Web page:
HARTFORD-- A bill advancing in the state legislature would hand down stiffer punishments for animal abuse offenders convicted more than once.
Advocates say it sends a strong message about the importance of protecting animals in Connecticut.
The proposed bill approved in the state Senate Tuesday subjects repeat offenders to a class C felony, punishable by one to 10 years in prison and up to $10,000 in fines. They would not be allowed to receive accelerated rehabilitation, a pre-trial program that enables people to avoid a conviction.
The current law punishes repeat offenders with a class D felony, punishable by one to five years in prison and up to $5,000 in fines, and offenders are eligible for the accelerated rehabilitation program.
"We've had a real upswing recently and it seems like we've be dealing with it more with neglect and abuse," said Middletown Animal Control Officer Gail Petras.
Office Petras introduced Fox CT to a dog named Spanky, who is now under the control of Animal Control after his owner abused him. He now faces charges, but Petras says too many offenders get away too easily.
Officer Petris hopes stiffer penalties would deter anyone from abusing an animal, even just once.
"Someone should have to answer that. You shouldn't get to walk away and say sorry," Petras said.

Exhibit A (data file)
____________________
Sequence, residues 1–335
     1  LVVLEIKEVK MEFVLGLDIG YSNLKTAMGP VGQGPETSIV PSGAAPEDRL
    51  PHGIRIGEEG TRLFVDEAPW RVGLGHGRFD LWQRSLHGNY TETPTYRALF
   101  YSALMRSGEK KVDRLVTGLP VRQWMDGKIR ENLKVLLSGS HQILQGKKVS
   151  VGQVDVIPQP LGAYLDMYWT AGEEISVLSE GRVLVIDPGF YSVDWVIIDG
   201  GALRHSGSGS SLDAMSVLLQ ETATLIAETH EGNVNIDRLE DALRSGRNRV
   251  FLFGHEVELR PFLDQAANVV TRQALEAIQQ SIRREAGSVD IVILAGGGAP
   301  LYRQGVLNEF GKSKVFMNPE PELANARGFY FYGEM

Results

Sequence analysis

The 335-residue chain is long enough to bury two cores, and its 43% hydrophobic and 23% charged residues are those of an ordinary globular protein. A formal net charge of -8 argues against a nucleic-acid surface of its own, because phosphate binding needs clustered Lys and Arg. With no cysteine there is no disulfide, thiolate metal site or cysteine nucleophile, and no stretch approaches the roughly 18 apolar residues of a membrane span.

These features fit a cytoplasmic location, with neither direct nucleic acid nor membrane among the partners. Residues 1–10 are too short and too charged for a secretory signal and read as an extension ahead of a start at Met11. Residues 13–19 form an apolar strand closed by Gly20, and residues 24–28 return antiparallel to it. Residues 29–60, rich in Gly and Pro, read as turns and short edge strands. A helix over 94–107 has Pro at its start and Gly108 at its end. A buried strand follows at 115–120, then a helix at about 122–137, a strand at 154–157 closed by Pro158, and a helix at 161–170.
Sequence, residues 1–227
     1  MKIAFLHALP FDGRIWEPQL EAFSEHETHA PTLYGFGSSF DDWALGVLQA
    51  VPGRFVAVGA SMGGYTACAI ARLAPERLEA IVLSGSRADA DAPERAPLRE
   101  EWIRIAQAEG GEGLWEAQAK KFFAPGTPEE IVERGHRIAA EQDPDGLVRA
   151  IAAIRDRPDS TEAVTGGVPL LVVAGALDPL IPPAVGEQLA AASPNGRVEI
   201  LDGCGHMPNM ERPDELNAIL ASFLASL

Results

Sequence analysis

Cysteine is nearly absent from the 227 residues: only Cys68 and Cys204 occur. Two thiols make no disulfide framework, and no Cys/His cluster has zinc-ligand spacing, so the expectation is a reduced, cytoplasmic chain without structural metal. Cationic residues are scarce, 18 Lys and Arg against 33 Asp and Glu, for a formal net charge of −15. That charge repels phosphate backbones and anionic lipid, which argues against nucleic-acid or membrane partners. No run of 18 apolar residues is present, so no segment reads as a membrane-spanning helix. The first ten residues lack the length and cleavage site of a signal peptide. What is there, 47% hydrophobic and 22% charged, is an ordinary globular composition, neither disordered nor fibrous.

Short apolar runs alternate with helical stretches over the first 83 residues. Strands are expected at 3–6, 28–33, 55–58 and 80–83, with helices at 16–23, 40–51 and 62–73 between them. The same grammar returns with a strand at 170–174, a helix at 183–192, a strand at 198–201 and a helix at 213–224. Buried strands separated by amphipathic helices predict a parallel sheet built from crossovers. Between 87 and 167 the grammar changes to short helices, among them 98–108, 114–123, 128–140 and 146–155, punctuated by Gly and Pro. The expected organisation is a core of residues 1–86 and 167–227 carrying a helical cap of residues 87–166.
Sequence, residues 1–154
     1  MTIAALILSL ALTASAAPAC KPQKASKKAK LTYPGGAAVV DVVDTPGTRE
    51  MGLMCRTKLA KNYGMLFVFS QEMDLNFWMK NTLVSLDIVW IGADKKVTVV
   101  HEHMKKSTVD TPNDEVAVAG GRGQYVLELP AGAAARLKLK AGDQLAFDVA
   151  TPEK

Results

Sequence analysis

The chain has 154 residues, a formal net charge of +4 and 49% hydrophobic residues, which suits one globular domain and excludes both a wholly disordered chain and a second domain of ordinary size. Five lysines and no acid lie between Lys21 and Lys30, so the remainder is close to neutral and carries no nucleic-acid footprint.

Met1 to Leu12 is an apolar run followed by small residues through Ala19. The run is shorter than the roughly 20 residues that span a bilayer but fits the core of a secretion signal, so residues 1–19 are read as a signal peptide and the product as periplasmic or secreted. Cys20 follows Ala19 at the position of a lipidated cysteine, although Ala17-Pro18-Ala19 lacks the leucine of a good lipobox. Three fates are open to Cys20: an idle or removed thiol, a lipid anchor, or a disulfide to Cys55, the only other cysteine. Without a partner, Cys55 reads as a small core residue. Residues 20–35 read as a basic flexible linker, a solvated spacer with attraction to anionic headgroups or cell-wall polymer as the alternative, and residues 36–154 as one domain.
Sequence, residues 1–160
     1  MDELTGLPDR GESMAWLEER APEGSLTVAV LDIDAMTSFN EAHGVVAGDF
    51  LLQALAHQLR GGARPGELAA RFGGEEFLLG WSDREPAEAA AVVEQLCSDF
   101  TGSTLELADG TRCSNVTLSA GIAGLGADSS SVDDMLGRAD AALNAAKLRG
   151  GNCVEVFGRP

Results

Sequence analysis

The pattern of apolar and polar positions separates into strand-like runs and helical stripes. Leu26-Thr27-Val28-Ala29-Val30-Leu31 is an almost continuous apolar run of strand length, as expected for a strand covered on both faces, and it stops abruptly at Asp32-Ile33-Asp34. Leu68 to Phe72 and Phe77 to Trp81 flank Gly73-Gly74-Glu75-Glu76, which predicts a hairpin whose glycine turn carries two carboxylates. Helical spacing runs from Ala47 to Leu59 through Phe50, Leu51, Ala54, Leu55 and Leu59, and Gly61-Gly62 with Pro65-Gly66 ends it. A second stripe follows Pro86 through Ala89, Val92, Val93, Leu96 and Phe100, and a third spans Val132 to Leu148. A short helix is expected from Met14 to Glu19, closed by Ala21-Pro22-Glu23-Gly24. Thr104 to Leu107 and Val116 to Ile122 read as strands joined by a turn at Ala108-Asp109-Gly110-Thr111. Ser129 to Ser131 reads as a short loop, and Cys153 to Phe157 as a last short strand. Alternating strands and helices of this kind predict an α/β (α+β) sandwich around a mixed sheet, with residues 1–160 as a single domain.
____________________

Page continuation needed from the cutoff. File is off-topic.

Supporters say the bill was inspired in-part because of many complaints by animal rights groups that offenders would get off easily after the second animal cruelty offense.
"We're going to treat these crimes with the seriousness they deserve," said state Sen. Ted Kennedy Jr.
Kennedy points to a number of high profile animal abuse cases, including one against a Branford man in his district, Alex Wullaer, 22, who was charged in 2012 with animal cruelty after police found his pit bull named Desmond mutilated and stuffed in a plastic bag.
Wullaer was granted accelerated rehabilitation, and was placed on probation until April 2015. After completing probation, the felony animal cruelty charge was expunged from his record, according to the "Justice for Desmond" Facebook page.
"The most vicious type of crimes--manning, mutilating, killing animals are let off scott-free," Kennedy said.
The state of Connecticut prosecutes roughly 350 animal cruelty cases a year, and the Connecticut Humane Society says crimes against animals can often signal violent behaviors toward humans.
"There are people who will abuse animals the first time and if not corrected they will abuse animals a second time and the fear is they will also perpetrate abuse on humans," said Gordon Willard, executive director of the Connecticut Humane Society.
The bill will next come for a vote in the House, and if it is signed by the governor, it would go into effect on October 1, 2015.